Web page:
Hey, Tony Perkins and Fox News, the Johnson Amendment does not stop pastors from preaching religious beliefs
Tony Perkins and Fox News teamed up Thursday morning, just after President Donald Trump at the National Prayer Breakfast promised to “totally destroy” the Johnson Amendment, to misinform viewers about what the law does and does not do. While no one should be surprised the leader of a certified anti-gay hate group would be embraced by Fox News, it was an offensive display of the miseducation of America.
The Johnson Amendment, named for then-Senator Lyndon Johnson, is a half-century old law prohibiting churches, religious institutions, and some non-profits from endorsing political candidates.
What it does not do is stop them from preaching their faith, from endorsing or opposing political or social issues, contrary to what Perkins and Fox News just claimed.
So, if a preacher, rabbi, priest, pastor, imam, or other religious leader, or even the CEO of a faith-based non-profit wants to denounce same-sex marriage, or even claim homosexuality is a sin, they can do that, with no concern the IRS will strip away their tax-exempt status. And that’s really what this is all about: money. Many churches and other religious non-profits have become multi-million and multi-billion dollar corporations, thanks in part to the fact that they and their employees often pay zero taxes.
That tax-exempt status costs tax-paying citizens well over $80 billion a year. In other words, every man, woman, and child in America on average pays about $250 a year extra in taxes so churches don’t have to. More, actually, if you deduct the people who are tax-exempt.
Some say it’s a small price to pay for freedom of religion, but the religious right that opposes the Johnson Amendment want their cake and they want to eat it too – and they want taxpayers to pay for it.
So they lie, and they turn to platforms like Fox News to help them misinform Americans.
Here’s what a Fox News host said about the Johnson Amendment today:
“It essentially makes most churches and religious leaders feel that their hands are tied, that if they express any endorsement of any particular religious position or party pr person who’s running for office that they risk their tax-exempt status.”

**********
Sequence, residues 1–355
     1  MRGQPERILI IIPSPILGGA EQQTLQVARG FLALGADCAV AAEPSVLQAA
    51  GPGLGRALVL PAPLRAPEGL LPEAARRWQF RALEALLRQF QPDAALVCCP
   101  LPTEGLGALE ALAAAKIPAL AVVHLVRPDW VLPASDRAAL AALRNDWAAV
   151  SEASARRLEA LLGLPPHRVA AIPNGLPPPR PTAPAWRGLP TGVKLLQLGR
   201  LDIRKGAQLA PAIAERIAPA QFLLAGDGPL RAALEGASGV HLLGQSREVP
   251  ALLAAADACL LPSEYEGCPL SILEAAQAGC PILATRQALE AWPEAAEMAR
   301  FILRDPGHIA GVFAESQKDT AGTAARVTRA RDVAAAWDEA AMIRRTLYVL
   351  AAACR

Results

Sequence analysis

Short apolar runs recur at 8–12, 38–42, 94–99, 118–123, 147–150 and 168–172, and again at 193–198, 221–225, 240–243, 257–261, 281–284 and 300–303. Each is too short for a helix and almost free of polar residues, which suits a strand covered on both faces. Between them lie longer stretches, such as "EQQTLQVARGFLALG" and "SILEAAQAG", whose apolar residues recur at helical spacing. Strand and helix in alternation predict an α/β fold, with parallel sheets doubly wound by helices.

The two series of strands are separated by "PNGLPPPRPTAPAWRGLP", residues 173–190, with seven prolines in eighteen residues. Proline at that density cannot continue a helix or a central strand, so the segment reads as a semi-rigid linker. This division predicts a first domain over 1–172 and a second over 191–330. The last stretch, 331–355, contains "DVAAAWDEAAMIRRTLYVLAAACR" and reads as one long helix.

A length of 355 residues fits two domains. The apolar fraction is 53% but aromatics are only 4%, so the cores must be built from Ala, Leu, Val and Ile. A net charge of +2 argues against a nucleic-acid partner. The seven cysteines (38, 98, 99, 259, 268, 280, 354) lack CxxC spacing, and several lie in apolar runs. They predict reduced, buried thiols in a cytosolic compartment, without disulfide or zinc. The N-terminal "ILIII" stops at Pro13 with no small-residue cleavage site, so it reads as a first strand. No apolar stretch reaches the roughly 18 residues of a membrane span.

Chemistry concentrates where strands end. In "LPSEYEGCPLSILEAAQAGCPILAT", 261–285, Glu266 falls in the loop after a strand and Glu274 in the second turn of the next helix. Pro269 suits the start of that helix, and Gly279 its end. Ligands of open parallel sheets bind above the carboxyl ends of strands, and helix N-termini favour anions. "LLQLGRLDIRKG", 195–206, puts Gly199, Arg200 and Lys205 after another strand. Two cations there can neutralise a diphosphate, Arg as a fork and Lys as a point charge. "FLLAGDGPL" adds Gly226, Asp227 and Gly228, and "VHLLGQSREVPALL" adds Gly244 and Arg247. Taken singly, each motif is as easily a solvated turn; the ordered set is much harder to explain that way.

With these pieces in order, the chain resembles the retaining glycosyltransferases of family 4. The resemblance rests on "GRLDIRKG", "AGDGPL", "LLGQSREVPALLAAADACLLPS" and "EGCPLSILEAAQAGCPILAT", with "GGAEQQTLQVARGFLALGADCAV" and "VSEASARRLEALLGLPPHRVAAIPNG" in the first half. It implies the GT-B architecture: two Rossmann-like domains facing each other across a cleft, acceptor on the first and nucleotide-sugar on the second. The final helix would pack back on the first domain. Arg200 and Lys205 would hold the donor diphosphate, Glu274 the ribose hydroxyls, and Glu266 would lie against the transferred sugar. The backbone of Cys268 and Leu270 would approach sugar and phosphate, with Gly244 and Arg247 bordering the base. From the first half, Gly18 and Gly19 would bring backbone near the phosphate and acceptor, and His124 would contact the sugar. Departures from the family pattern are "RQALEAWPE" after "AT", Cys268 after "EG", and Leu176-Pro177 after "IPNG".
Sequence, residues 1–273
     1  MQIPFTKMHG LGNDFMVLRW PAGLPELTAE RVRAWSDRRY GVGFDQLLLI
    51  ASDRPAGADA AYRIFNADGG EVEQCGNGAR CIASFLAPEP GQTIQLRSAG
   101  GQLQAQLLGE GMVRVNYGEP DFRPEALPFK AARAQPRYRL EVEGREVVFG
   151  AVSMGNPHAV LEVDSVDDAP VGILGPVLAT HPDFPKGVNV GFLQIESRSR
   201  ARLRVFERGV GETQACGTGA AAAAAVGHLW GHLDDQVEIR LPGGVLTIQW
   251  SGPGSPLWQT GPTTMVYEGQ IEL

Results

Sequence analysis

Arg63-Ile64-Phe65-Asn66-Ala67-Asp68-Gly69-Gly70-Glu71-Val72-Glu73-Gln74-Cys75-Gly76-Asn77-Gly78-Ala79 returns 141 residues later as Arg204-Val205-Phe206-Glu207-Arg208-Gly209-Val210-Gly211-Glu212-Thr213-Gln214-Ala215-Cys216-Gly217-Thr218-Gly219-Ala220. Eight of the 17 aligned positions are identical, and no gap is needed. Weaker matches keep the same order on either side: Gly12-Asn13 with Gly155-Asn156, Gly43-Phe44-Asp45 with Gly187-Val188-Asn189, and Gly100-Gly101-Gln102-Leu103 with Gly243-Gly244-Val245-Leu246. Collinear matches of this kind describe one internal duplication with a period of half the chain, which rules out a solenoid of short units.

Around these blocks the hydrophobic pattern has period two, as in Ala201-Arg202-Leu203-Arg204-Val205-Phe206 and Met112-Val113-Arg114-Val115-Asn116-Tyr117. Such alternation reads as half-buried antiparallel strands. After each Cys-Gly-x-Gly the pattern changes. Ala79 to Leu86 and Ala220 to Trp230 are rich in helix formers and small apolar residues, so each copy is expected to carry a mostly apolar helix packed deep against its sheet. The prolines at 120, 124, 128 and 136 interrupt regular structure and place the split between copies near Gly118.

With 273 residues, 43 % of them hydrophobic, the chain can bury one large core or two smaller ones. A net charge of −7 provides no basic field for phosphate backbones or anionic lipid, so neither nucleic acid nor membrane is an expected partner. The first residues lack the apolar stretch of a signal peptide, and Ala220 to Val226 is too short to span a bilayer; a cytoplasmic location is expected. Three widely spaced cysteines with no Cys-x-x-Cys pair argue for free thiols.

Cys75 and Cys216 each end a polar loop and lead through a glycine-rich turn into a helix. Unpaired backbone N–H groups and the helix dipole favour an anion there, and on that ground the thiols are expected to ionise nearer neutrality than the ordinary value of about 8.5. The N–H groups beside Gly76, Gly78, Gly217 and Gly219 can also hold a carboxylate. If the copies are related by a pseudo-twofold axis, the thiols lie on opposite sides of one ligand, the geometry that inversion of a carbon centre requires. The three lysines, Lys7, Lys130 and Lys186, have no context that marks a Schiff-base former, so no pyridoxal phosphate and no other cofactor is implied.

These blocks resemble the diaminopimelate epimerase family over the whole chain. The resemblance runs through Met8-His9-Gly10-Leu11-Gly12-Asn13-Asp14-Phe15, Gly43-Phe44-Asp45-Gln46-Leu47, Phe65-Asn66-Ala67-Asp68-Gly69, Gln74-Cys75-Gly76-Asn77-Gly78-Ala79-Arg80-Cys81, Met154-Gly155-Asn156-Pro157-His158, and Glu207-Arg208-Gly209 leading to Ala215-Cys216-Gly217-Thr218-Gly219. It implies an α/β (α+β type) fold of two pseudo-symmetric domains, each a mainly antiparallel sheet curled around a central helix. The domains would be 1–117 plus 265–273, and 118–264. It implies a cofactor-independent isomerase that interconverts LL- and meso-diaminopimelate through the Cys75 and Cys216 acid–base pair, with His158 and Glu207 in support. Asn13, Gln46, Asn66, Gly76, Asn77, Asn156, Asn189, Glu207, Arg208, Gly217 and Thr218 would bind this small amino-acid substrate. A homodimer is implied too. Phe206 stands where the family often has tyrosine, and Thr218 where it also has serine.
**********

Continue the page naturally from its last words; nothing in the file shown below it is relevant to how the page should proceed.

Perkins immediately supported the Fox News host’s false statement, saying, “correct.”
Notice the word “feel.”
There law, which is very readily accessible on the IRS’ website, makes very clear what the rules are. And those who oppose the law most know that the IRS has almost never stripped a religious entity’s tax exempt status for violating the Johnson Amendment – and perhaps they should start.
For a decade this statement has lived on the IRS’ website: “…these organizations can engage in advocating for or against issues and, to a limited extent, ballot initiatives or other legislative activities.”
Also not correct is the claim of “most churches and religious leaders.” In fact, in light of President Trump’s announcement that he will “destroy” the Johnson Amendment, the Baptist Joint Committee for Religious Liberty, which represents thousands of Southern Baptist Convention churches and individuals nationwide – one of the largest religious groups in the nation – issued a statement denouncing the president’s intention:
“Politicizing churches does them no favors. The promised repeal is an attack on the integrity of both our charitable organizations and campaign finance system.
Inviting churches to intervene in campaigns with tax-deductible dollars would fundamentally change our houses of worship. It would usher our partisan divisions into the pews and harm the church’s ability to provide refuge.
To change the law would hinder the church’s prophetic witness, threatening to turn pulpit prophets into political puppets.”
They know that repealing the Johnson Amendment is a sure-fire way to impoverish churches, especially smaller ones who struggle to stay afloat.
But that’s really why Trump wants to repeal the law: he wants the cash to fuel his re-election, which he has already filed for.
Trump is no great Christian warrior. He is using the cause of “religious liberty” to line his campaign treasury and to get votes. How very un-Christian
At the intersection of politics, religion, law, social justice, and civil rights, The New Civil Rights Movement is a broadly cited media organization delivering news and opinion dedicated to the wide interests of the progressive and LGBT communities.
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